Android’s developer options menu is a secret treasure trove of tweaks that adventurous users can play with. If you want to install any app to your SD card, speed up window animations, or even save some battery life, here’s how to unlock and use this hidden menu.
How to Enable Developer Options
It’s easy to enable Android’s developer options, but it’s hidden so you don’t accidentally stumble on it. Keep in mind, these options are hidden for a reason. They’re designed to give developers tools they need to test things, and changing them without knowing what they do might cause some of your apps to work incorrectly. If something stops working, try reverting the changes you made before complaining to the developer. That being said, some of these tweaks are genuinely useful and work great. To turn on developer options, follow these steps:
- Open your app drawer and tap Settings to open the Settings app.
- Scroll down and tap About Phone. Look for the setting “Build number.”
- Tap “Build number” seven times in a row.
- A toast notification should appear saying you’re now a developer. That’s it! You’re in.
Once you enable developer mode, you should see a new “Developer Options” menu in your Settings app with all kinds of goodies in it. These are some of the cool things you can do with it.
Install Any App to the SD Card
If you try to install an app to your SD card and it doesn’t work, you can enable “Force allow apps on external” in Developer Options. This will force the app to let you store it on your card, rather than taking up your internal memory. Of course, there may be a good reason why the developer blocked this option. Some apps are looking for files in a specific place and won’t work if the app is installed somewhere it doesn’t expect. So if the app doesn’t work when it’s installed on your card, try uninstalling it and putting it on the internal storage. However, other developers simply do it for simplicity, even though the app will work. If you download a huge app and want to make use of that SD card you’re lucky to have, switch this on and see just how much space you can free up.
Force Any App to Work In Split-Screen Mode
Neither game supports split-screen, but now you can play both at the same time.
Google introduced split-screen mode in Android Nougat and it’s pretty handy, but some apps won’t work in split-screen. However, you can force them to open in split-screen anyway, so you can play Pokémon Go while you check your email, for example. Once again, this is usually because split screen mode might break the app, but sometimes it’s just because they haven’t optimised for it yet. If you want to try anyway, enable “Force activities to be resizable” in developer options and restart your device. Now, all apps will work in split-screen mode. There’s just a chance some of them won’t look great, or they might crash altogether.
Keep Your Screen On While Your Phone Is Charging
Some phones allow you to prevent your screen from dimming for up to 30 minutes or will keep it on as long as there’s activity on the screen, but most will turn your display off eventually to conserve battery. That’s not a problem if you’re plugged in and charging, especially if you like to keep an eye on your notifications while you charge, or while your phone is sitting on your desk. Under developer options, enable the “Stay awake” toggle and your phone’s display will stay on indefinitely as long as it’s plugged in and charging.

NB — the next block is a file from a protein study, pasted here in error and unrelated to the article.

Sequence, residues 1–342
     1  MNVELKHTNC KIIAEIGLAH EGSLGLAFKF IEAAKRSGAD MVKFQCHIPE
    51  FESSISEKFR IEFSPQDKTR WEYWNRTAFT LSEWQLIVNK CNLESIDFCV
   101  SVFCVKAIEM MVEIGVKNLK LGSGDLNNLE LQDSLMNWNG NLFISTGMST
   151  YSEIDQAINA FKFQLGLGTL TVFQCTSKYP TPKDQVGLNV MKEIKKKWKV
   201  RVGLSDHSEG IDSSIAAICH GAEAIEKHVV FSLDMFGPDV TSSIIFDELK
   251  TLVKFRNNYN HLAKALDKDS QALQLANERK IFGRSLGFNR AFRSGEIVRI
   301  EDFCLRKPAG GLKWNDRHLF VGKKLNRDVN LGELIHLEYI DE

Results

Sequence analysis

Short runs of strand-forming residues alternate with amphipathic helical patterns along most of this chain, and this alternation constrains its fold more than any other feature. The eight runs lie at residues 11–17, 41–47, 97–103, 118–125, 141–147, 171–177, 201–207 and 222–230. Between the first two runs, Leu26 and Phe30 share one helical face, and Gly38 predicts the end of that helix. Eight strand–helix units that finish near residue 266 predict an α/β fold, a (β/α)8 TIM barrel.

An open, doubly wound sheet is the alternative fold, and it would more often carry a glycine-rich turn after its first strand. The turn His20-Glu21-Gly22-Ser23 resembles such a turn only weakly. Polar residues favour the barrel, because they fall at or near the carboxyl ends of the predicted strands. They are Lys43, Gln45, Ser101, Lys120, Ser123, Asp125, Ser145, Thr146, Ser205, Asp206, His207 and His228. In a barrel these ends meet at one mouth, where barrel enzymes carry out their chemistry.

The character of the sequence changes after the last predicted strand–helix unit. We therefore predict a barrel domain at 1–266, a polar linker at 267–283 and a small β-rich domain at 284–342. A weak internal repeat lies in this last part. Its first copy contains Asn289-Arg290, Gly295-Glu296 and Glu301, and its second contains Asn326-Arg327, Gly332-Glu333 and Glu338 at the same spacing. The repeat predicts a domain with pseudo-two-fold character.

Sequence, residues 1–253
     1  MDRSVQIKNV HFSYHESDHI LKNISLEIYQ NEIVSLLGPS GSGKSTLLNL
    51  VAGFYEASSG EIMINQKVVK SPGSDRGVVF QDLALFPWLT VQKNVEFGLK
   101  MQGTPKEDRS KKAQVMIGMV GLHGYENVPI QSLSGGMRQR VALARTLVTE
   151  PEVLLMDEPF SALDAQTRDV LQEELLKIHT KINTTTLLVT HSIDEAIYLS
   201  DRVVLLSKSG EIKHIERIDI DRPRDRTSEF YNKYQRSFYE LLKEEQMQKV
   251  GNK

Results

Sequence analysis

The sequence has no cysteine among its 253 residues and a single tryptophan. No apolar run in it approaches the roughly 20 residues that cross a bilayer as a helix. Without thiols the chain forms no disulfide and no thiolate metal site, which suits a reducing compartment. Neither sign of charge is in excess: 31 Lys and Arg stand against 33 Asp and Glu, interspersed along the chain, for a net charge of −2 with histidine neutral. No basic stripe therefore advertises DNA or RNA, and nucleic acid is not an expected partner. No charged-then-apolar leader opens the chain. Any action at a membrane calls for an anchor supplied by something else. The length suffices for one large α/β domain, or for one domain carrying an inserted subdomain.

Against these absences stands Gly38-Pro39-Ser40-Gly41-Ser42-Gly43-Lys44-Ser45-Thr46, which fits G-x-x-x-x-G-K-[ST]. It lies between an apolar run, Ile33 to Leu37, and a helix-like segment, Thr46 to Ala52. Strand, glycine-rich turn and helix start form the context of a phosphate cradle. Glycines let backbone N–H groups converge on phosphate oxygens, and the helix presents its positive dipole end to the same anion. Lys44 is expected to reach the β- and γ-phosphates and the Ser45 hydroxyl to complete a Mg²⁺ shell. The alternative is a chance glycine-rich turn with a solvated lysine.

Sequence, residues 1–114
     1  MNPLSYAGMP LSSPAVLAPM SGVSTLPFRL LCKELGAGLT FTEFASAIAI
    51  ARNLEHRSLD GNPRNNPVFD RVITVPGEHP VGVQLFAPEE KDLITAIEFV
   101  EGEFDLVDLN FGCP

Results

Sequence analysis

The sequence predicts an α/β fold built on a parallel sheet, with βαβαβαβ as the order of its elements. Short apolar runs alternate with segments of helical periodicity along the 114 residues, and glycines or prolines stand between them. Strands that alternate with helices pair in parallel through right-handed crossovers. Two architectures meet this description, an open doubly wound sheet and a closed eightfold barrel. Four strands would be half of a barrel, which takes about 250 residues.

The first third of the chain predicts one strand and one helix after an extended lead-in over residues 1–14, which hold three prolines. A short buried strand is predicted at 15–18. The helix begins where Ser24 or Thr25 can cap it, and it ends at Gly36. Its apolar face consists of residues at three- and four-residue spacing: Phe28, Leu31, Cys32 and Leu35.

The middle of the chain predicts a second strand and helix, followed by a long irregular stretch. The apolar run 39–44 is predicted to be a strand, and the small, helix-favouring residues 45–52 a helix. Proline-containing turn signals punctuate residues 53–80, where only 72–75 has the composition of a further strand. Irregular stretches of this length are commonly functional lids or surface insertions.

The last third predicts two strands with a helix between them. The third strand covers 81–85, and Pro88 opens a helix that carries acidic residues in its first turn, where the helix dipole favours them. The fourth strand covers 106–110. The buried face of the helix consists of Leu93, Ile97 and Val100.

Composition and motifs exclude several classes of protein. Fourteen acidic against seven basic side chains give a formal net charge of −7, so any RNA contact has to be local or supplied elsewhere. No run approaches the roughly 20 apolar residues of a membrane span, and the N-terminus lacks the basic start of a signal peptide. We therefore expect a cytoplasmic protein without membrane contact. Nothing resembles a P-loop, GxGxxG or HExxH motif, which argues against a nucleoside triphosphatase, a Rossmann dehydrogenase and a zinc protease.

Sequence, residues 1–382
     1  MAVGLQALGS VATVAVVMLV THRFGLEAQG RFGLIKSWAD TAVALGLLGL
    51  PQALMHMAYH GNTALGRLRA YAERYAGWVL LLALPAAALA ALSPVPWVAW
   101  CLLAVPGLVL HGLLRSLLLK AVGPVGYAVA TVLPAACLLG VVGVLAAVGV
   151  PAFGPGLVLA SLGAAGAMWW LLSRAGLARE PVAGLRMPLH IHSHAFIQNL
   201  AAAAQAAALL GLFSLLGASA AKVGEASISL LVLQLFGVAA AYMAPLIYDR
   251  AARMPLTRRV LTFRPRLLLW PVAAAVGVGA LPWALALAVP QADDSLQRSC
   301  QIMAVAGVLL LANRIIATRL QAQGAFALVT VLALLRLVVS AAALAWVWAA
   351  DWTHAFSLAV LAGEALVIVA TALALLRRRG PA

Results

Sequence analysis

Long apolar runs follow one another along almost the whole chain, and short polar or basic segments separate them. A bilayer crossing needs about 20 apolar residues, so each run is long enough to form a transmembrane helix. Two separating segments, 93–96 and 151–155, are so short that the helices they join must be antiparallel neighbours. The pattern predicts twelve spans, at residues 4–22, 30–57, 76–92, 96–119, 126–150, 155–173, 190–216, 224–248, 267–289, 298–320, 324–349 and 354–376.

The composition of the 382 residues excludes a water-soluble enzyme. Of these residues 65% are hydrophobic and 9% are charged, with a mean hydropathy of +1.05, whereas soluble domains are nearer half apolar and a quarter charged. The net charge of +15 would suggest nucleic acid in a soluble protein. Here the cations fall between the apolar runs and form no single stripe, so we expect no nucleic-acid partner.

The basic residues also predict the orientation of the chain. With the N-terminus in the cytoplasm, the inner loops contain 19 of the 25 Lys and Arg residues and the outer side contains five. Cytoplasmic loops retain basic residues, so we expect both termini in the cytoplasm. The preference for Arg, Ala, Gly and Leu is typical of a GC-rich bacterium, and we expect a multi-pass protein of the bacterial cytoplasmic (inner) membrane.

Speed Up Window Animations
Animations like the transition from the home screen to an app or in between screens when you’re switching apps play a big role in how fast your phone feels. Quick animations make your phone feel zippy, while slower animations can mask the lag you get when you launch an app for the first time. Developer options gives you three different animations you can change: Window animation scale, Transition animation scale, and Animator duration scale. It’s probably a good idea to set all of these the same (you can choose .5x, 1x, 2x, etc) no matter what you choose.
If you want your phone to feel faster, you can set these to .5x, which will double the speed. However, keep in mind that developers often use that second or so to load their apps or associated data. It may not seem like much, but it matters, and you’ll wind up stuck at a different screen if the animation is too short. If your phone already struggles to load apps, you can make the animations take longer. You’ll still wait for your apps to load, but it won’t feel as long because you’re giving your apps more time to get ready for you.
Switch to Black and White Mode to Save Battery
If your phone has an AMOLED display, you can save a significant amount of battery life by using darker themes. If you want to eke out even more battery life, try monochrome mode. Scroll to “Simulate colour space” and select “Monochromacy.” Of course, this isn’t a magic bullet. In fact, if you don’t do anything else differently, you probably won’t save much at all. However, if you use a dark theme, dark modes of your apps, and rely on the high contrast of monochrome mode to make things readable instead of vibrant colours, you can tune your device to save a decent amount of power, which is especially useful in a pinch, or when you know you won’t be able to charge for a while.
If you happen to have a form of colour blindness, Android also offers a few colour spaces to help with this. You can try out Deuteranomaly or Protanomaly to help with red-green colour blindness or Tritanomaly to aid blue-yellow colour blindness.
The features in this hidden menu are constantly changing, so you might find even more goodies depending on who manufactured your phone. While some of them may be over the average users’ head, there are a lot of handy little tweaks that you can try out.
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